Mouth Burns View In Cats
Chemical burns of the mouth are common. They are caused by licking a corrosive substance such as lye, phenol, phosphorus, household cleaners, or alkalis. If the dog swallowed the chemical, her esophagus or stomach may also be burned.
When corrosive household chemicals are ingested, they cause burns of the mouth, esophagus, and stomach.
For emergency treatment of oral chemical burns, sponge and rinse the mouth with lots of tap water. Transport the dog as quickly as possible to the nearest veterinary clinic for treatment of poisoning.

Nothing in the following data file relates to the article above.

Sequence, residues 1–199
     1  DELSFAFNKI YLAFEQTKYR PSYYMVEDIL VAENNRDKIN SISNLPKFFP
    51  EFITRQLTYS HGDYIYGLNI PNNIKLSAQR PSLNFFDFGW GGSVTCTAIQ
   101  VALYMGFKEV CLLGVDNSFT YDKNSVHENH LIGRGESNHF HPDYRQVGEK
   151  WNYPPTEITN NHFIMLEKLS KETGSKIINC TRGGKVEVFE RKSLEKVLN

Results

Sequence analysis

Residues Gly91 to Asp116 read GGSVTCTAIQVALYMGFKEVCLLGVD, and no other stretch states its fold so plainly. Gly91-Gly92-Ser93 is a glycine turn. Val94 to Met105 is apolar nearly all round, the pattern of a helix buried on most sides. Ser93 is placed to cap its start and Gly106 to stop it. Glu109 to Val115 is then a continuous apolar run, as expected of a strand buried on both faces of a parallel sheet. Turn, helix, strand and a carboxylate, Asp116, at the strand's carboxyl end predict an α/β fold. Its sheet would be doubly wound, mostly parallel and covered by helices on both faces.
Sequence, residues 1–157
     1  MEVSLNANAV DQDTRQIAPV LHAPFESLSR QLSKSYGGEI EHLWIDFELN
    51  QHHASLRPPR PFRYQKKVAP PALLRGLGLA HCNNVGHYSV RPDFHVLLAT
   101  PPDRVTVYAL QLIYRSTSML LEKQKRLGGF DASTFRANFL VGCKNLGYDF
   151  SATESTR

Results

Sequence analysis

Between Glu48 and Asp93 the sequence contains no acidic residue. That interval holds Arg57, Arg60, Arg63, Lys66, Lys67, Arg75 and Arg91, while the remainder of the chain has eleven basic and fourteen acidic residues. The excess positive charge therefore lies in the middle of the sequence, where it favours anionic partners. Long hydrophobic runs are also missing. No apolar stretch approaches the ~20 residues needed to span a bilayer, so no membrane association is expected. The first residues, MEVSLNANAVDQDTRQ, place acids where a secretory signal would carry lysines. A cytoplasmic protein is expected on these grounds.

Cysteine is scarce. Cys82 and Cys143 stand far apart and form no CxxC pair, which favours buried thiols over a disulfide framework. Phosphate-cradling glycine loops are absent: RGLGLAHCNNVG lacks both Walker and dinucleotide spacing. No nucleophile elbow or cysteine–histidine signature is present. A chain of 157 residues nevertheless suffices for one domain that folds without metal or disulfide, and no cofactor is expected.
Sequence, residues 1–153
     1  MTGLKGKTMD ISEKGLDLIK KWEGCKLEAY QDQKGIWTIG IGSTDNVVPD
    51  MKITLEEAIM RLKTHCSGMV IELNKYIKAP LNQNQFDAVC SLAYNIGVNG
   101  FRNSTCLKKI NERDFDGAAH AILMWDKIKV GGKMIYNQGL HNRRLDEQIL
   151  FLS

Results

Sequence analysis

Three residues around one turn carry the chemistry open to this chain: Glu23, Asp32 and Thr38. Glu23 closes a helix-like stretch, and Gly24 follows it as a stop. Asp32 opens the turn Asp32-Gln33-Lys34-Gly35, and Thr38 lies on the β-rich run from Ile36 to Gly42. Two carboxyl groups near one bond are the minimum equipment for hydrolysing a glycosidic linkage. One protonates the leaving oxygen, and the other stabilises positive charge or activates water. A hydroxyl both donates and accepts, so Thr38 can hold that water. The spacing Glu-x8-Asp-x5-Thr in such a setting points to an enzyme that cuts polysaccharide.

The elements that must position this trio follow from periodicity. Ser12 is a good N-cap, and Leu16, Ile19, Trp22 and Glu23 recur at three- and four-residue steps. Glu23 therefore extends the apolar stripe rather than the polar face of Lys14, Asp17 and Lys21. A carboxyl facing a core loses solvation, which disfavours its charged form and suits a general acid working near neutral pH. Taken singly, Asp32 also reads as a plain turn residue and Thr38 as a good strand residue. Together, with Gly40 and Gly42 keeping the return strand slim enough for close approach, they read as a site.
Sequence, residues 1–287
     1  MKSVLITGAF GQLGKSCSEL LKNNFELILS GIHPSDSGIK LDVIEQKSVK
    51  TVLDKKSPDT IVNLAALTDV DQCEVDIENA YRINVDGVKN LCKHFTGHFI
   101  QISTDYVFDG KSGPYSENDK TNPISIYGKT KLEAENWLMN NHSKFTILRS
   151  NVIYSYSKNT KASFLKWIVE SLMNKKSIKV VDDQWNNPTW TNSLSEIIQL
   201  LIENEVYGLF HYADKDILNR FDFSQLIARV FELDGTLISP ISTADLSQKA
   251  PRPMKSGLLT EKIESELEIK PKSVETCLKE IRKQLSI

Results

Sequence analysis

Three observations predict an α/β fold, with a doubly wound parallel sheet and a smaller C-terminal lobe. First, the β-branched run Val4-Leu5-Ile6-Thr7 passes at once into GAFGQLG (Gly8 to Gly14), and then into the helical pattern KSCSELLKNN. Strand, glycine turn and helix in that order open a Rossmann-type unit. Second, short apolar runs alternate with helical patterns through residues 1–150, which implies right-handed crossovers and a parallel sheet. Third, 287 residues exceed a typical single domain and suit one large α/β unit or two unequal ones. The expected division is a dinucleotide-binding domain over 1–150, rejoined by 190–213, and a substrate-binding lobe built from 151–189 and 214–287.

Do not induce vomiting. Vomiting can result in rupture of the stomach and burns of the esophagus. After rinsing the dogs mouth, and if you are unable to get to the vet very quickly, give the dog water or milk (30ml per 6lbs or 2.7kg of body weight) by plastic syringe or turkey baster. This is used to dilute the acid or alkali in the stomach.
NOTE: The practice of giving an acid to neutralize an alkali and vice versa is no longer recommended because it causes heat injury to the tissues.
Keep all household chemicals out of reach for any dogs and children in the household.
The aftercare for burns of the mouth:
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